(NOTE: I’m still catching up on my backlog, so some of these may not be especially timely.)
– Det regnar män. Halleluja!: Sweden came up with a fun way to address Russia’s recent spate of “no homo” legislation that is totally not trying to throw us off of anything. Okay, look, Russia and Belarus have known each other a long time, but they’re just bros, okay? Can we drop this now?
The Swedish Peace and Arbitration Society (SPAS) is to deal with encroaching Russian submarines in Swedish waters with a device emitting anti-homophobia Morse code.
The device – officially titled The Singing Sailor Underwater Defence System, but nicknamed the “gay sailor” – is a “subsurface sonar system”, which sends out the message: “This way if you are gay” in an attempt to deter apparently homophobic Russians.
– I think of all the education that I missed…: A teacher in Texas is facing criminal charges in connection with allegedly giving a 15-year-old student a “full contact lap dance” in class. For his birthday, authorities claim:
The teen told investigators that he sat in a chair next to Smith’s desk as she moved back and forth on his crotch and touched him all over his body. Near the end of the dance, the student said Smith sank to her knees and put her head between his legs. The incident reportedly happened in front of the other students during class.
– Just tell me this—is there a Klondike Bar in it for me?: What would you do to achieve “internet fame”? Would you light yourself on fire while being recorded, and post the video online? No? Well, the you’re smarter than these kids (h/t Jack).
– It’s just a drink. It’s just a drink. It’s just…: It took a jury in Florida fifteen minutes to convict two people of having sex on the beach. Not the drink, the sex (h/t Amy): Continue reading →
Greg Laden, writing at ScienceBlogs, addresses the argument that diseases like malaria still pose a greater threat in Africa than the Ebola virus, and whether Ebola is taking attention away from other diseases (at least one person went so far as to call Ebola the “Kardashian of diseases”). Africa is a big place, and while it’s easy to say that malaria is a bigger danger than Ebola in places that have few or no Ebola cases, the same cannot be said in the countries that are directly being affected right now. Laden looked at the annual death rate due to malaria in Liberia, Guniea, and Sierra Leone, divided those numbers by twelve to get an estimated monthly rate, then compared those numbers to the average number of deaths per month in the 3-6 months of the Ebola outbreak:
Liberia: 142 malaria, 92 Ebola
Guinea: 49 malaria, 67 Ebola
Sierra Leone: 145 malaria, 144 Ebola
It’s not the most scientific survey, but it does indicate that while of course malaria is a huge problem, Ebola is a crisis in those countries right this second.
Laden also addresses the question of resource allocation:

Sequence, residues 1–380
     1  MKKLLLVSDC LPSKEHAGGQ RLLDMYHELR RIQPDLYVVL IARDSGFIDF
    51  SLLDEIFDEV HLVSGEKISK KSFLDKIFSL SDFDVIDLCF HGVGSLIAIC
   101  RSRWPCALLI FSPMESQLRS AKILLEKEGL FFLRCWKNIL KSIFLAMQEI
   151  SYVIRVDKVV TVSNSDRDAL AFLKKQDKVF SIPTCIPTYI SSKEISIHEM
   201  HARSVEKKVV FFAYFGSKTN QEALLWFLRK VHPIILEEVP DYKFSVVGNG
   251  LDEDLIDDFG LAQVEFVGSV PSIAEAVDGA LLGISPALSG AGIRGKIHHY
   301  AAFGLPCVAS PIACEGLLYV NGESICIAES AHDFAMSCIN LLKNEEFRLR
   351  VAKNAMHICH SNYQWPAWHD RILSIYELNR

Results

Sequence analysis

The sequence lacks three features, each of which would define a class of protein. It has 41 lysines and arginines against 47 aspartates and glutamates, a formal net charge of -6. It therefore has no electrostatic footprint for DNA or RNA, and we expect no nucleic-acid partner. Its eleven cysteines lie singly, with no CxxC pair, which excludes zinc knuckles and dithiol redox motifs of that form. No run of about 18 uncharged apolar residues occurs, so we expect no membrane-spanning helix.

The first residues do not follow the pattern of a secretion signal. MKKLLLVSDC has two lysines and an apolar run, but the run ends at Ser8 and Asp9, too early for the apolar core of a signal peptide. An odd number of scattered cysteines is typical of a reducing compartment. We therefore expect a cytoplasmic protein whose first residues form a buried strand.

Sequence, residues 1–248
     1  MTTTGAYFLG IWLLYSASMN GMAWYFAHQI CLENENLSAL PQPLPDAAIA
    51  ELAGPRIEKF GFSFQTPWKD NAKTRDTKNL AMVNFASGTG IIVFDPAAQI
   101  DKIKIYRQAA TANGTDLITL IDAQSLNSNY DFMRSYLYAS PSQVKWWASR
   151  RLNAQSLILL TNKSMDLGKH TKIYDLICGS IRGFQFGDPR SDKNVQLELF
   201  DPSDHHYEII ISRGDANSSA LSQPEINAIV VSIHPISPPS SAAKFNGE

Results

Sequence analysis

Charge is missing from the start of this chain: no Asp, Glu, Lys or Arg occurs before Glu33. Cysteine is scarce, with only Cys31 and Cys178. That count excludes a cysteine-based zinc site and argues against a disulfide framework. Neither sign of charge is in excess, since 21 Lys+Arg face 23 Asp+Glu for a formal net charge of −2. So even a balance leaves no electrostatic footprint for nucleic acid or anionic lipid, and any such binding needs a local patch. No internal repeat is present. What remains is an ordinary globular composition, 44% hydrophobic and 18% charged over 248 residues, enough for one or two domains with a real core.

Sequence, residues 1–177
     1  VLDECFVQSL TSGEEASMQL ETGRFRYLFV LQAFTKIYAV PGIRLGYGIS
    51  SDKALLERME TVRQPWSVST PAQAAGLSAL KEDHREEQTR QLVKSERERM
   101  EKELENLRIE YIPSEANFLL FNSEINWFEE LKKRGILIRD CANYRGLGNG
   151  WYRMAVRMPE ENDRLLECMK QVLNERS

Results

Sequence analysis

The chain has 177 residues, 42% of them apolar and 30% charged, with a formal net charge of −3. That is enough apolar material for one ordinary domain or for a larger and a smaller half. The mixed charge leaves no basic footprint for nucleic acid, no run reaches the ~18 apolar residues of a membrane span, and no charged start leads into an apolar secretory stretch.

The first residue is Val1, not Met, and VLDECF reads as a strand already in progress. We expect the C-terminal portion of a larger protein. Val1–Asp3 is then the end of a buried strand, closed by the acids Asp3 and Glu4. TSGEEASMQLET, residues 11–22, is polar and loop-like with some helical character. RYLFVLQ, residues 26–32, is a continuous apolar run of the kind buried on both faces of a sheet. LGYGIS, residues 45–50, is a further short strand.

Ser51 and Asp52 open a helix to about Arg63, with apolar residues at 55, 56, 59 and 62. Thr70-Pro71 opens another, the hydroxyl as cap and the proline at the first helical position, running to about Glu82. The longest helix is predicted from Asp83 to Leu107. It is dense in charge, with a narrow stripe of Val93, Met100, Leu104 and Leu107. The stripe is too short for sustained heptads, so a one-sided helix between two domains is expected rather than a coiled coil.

[C]onsider the thought experiment where you have $10,000,000 that you want to give to either developing an Ebola vaccine, or a Malaria vaccine. Since billions have been spent on developing a Malaria vaccine and there still isn’t one, your donation would be a drop in the bucket. Retrospectively, it would be equivalent to something like the combined costs of couriers and mail by researchers working on a Malaria vaccine over the last few decades. Or the cost of coffee and donuts in the break room. Or conference travel fees. Or something like that. The point is, a bunch of millions of dollars might actually produce an Ebola vaccine given the starting point we have now, or at least, move us a good deal in that direction.
At Quartz, Gregg Gonsalves writes about people’s tendency, when faced with something unfamiliar and scary, to focus on the personal: Continue reading →
This week’s Newsweek magazine cover features an image of a chimpanzee behind the words, “A Back Door for Ebola: Smuggled Bushmeat Could Spark a U.S. Epidemic.” This cover story is problematic for a number of reasons, starting with the fact that there is virtually no chance that “bushmeat” smuggling could bring Ebola to America. (The term is a catchall for non-domesticated animals consumed as a protein source; anyone who hunts deer and then consumes their catch as venison in the United States is eating bushmeat without calling it that.) While eating bushmeat is fairly common in the Ebola zone, the vast majority of those who do consume it are not eating chimpanzees. Moreover, the current Ebola outbreak likely had nothing to do with bushmeat consumption.
Far from presenting a legitimate public health concern, the authors of the piece and the editorial decision to use chimpanzee imagery on the cover have placed Newsweek squarely in the center of a long and ugly tradition of treating Africans as savage animals and the African continent as a dirty, diseased place to be feared.
It has become something of a cliché to note when a person of faith, after making a recovery from a horrific disease, thanks their deity of choice but fails to mention the doctors, nurses, scientists, and countless others1 who undoubtedly played a part. In the case of the doctor who has essentially been cured of Ebola after receiving treatment at Emory University in Atlanta, the sentiment that God saved his life strikes me as….well, adjectives honestly fail me.
First of all, if it was God’s doing, why did he have to leave Liberia and come to Atlanta, and why did he need an experimental serum?2 It’s possible that God played a part in this, but the serum definitely did. Second, the same observation3 always comes up in these scenarios, via Ed Brayton this time: Continue reading →